2502. Robert Southey to John Rickman, [c. 17 November 1814]

2502. Robert Southey to John Rickman, [c. 17 November 1814] ⁠* 

My dear R.

Thank you for your franks, – which seem to prove that Pople is my printer, – for I know not else how the proofs should have found their way to you. Thank you also for the Road & Carriage Reports, [1]  which I remember asking for; they may travel viâ Longman. I should be glad also of the Report upon the Copy right Committee, in which I believe there is some curious matter respecting the Book Trade. [2] 

The Spanish Apella [3]  is likely to be right about his African Ma Caspian; so many accounts speak of one. I think a similar sea will be found in New Holland. [4]  I never gave a moments credit to the supposed uninhabitability of the interior of that country, which had become a favourite hypothesis. A cousin of poor Darfur Brown, [5]  who lives in this country, fancied that if ever the mountain were conquerd, a table land of granite would be found. [6]  We shall now have much to discover there, – probably mor it is the only large tract in the world which is entirely terra incognita.

Have you received Roderick? [7] 

God bless you



* Address: To/ John Rickman Esqre/ St Stephens Court/ New Palace Yard/ Westminster
Endorsement: RS/ Novr. 1814
Stamped: KESWICK/ 298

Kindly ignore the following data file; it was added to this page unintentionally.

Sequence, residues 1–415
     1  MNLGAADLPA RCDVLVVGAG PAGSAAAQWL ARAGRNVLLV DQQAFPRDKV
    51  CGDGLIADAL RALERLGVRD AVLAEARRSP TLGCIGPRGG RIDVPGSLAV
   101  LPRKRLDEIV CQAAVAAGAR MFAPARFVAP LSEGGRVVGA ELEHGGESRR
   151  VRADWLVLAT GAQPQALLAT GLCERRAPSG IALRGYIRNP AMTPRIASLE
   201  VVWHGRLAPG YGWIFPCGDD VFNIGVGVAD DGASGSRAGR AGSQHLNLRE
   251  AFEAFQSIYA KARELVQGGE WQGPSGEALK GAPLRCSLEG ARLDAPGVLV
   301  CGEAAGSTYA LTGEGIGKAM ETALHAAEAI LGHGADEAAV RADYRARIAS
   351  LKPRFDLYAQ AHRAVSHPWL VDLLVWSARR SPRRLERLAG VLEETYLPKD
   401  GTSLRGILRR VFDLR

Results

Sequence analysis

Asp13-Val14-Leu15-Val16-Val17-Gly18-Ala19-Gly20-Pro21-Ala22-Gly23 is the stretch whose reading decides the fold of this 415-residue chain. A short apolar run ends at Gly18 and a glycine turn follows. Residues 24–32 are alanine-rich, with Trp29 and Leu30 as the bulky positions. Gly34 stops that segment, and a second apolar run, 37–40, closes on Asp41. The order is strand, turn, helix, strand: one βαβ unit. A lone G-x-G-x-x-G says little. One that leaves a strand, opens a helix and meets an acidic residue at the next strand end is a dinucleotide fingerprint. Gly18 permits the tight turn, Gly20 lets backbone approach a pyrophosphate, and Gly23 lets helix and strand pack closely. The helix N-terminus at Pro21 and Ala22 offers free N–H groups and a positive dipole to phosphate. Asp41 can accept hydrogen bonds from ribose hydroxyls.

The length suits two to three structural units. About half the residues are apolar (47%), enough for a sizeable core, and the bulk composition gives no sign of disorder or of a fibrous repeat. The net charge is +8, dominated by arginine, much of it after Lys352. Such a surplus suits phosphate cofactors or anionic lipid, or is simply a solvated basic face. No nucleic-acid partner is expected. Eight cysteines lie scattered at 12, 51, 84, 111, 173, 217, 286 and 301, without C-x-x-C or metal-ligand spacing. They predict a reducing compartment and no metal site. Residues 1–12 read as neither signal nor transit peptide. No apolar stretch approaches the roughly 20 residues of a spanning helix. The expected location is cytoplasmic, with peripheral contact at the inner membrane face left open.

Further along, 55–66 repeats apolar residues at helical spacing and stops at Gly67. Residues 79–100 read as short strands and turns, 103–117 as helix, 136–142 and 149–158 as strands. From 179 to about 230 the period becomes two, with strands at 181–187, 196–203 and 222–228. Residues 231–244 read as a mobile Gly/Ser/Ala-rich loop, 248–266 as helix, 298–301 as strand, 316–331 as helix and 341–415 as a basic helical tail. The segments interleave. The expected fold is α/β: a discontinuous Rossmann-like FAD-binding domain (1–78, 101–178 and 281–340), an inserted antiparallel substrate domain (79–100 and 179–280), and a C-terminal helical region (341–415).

Postmark: FREE/ 17 NO 17/ 1814
MS: Huntington Library, RS 237. ALS; 2p.
Unpublished. BACK

[1] Rickman was Secretary to the Parliamentary Commission, set up in 1803, on the making of roads and bridges in Scotland. BACK

[2] i.e. the evidence submitted to the Parliamentary committee examining copyright in 1813. This eventually led to an amendment to the law on copyright in 1814. This extended the copyright authors were entitled to on their works, by making it 28 years in all circumstances, or the life of the author if longer. BACK

[3] ‘Apella’ was a name for a person whose stories were not necessarily believable: ‘Let Apella the Jew believe, not I’, Horace, Satires, Book 1, satire 5, lines 100–101. The ‘Apella’ in question was Domingo Badia y Leblich (1766–1818), who Rickman had met in London. He was a Spaniard who had travelled extensively in North Africa and the Middle East under the pseudonym ‘Ali Bey al-Abbasi’ and published Travels of Ali Bey: in Morocco, Tripoli, Cyprus, Egypt, Arabia, Syria, and Turkey, between the years 1803 and 1807 (1816), reviewed by Southey in Quarterly Review, 15 (July 1816), 299–345. Badia told Rickman there was a huge sea in the interior of Africa, like the Caspian Sea (though he had not actually seen this phenomenon). BACK

[4] Australia. BACK

[5] William George Browne (1768–1813; DNB), Travels in Africa, Egypt and Syria, from the Years 1792 to 1798 (1799), which detailed his captivity in Darfur. He was murdered in Persia in 1813. His cousin was possibly William Browne (1780–1859) of Orthwaite Hall, north of Keswick. BACK

[6] The first official crossings of the Blue Mountains occurred in 1813, opening up the interior of Australia to explorers from New South Wales. BACK

[7] Roderick, the Last of the Goths (1814). BACK

People mentioned